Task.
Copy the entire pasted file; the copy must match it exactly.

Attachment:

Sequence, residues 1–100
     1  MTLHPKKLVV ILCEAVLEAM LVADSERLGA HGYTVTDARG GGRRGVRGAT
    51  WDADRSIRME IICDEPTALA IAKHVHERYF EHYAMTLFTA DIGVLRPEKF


Sequence, residues 1–100
     1  MTLHPKKLVV ILCEAVLEAM LVADSERLGA HGYTVTDARG GGRRGVRGAT
    51  WDADRSIRME IICDEPTALA IAKHVHERYF EHYAMTLFTA DIGVLRPEKF